MasterAthlete

MasterAthlete

When did the Olympics start? I think it was a few weeks back but it’s starting to feel like months.

I have to admit that I watched a fair bit of the opening ceremony but since then I’ve just seen updates in my news feeds or on telly. I’ve never been a big Olympic Games watcher but I think I’ve seen less than ever this time around and I think I know why.

The format is tired.

Yes, there have been new sports added over the years and some older, less interesting sports removed, but it’s essentially been the same for such a long time.

The ancient Olympic Games were held from the 8th century BC to the 4th century AD. After that the idea was pretty much rested until Baron Pierre de Coubertin founded the International Olympic Committee (IOC) in 1894. Sure, there were a few attempts at reviving some sort of games related to an Olympic theme along the way but they didn’t really come to much.

I reckon it’s time to freshen things up. Let’s create a mashup of the Olympics and MasterChef.

MasterAthlete. I think it’s got a great ring to it and the possibilities are endless.

We’d start with three judges including two professional athletes and an acclaimed sports writer. Then hundreds of amateur athletes would battle it out for the honour of becoming MasterAthlete 2016. The MasterAthlete would win $250 000 and the opportunity to train alongside some of the greatest professional athletes in the world. They’d also be given a monthly column in Muscle & Fitness Magazine.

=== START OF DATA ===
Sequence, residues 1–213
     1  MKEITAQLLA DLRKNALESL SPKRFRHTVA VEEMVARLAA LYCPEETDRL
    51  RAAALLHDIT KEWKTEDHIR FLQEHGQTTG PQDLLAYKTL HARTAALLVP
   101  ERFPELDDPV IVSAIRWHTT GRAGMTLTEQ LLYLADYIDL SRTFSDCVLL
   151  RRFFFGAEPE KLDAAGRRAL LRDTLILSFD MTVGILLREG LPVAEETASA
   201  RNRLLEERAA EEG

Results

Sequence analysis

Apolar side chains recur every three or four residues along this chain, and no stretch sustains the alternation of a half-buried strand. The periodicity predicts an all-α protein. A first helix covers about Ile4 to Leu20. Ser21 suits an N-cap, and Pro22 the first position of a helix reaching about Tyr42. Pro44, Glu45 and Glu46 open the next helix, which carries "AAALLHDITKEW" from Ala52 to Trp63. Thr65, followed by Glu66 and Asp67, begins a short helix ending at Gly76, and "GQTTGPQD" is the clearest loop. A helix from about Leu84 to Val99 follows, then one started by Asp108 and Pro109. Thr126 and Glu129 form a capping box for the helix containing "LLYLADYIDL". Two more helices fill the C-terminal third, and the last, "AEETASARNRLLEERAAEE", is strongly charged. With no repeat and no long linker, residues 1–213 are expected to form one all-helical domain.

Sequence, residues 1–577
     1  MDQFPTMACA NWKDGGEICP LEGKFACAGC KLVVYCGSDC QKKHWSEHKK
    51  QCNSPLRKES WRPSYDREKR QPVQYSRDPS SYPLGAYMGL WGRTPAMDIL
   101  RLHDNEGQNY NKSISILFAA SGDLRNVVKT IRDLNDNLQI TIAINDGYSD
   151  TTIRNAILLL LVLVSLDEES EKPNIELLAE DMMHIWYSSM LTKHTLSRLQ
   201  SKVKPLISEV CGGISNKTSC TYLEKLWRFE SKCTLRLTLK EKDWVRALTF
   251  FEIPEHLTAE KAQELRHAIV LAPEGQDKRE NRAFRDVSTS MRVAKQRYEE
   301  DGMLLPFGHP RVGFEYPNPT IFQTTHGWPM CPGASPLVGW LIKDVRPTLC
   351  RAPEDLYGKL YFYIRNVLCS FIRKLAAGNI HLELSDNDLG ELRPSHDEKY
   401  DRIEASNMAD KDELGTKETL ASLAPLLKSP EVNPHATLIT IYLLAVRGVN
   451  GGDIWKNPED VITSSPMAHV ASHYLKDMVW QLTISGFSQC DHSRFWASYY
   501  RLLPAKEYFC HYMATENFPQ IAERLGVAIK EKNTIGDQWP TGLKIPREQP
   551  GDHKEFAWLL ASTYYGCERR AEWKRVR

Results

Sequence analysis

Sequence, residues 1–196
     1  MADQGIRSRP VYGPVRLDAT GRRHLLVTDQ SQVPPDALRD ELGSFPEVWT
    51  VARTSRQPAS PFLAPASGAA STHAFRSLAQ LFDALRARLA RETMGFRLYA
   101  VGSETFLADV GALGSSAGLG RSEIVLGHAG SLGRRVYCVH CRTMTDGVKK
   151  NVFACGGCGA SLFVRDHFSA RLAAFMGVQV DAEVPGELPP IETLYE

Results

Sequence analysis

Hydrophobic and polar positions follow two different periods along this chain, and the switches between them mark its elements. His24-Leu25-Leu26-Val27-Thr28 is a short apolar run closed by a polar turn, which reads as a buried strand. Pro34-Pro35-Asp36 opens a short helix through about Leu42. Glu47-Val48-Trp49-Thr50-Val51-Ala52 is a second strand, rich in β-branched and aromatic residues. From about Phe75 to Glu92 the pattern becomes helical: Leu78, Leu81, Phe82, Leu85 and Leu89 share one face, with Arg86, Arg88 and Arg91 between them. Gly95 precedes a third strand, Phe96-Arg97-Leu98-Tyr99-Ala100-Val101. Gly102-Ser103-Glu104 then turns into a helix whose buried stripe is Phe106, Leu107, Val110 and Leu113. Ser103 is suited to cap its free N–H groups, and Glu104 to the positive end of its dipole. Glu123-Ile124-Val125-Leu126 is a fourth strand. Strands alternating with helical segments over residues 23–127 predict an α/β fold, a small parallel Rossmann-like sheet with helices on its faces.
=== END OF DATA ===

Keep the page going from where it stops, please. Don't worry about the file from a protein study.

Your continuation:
Contestants would talk endlessly about their ‘sports dream’ and about ‘doing this for their family’ (even though the competition would mean they’d have to be away from their family for several months). They’d talk about the pressure and just how far they’d come on their personal ‘athlete journey’.

Week by week the black active wear would come out as contestants fought to stay in the competition during the elimination rounds. The very best would be dressed in white active wear and compete against a professional athlete for an immunity pin which would entitle them to a generous head start in their next race.

The mystery box would bring added excitement as the athletes would have no idea what sport they’d have to compete in until the box is lifted. “When the lid came off and I saw the speedos, I was terrified. My specialty is weight lifting, so to know that I’d have to go up against the others in the pool really set my heart racing.”

We’d shed a few tears as our favourites left the competition because they’d left an element out of the triathlon. “It wasn’t until we got to the finish line that I looked around at the other contestants in their clip cloppy shoes and realised …… I’d forgotten to do the cycle leg”.

Imagine contestants arriving in the Master Athlete stadium to hear the judges tell them that they had to go from one side of the city to the other. “You’ve got an open sports locker. Get there any way you like. You can combine swimming, cycling, jogging or canoeing, but remember that in today’s challenge, running must be the hero of the event. Your time starts …… now”.

So there’s the basic concept but I think we need to push it just a little further. What other ways can you think of to create MasterAthlete? Let me know in the comments section of this post. I think we’re onto a real winner.

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Should Pokemon Go?

pokemongo…..

I was in Kings Park on the weekend. It’s a beautiful park that overlooks the city of Perth. While I was there I couldn’t help notice that there were thousands of people wandering around looking at their phones. They were all chasing strange creatures with even stranger names.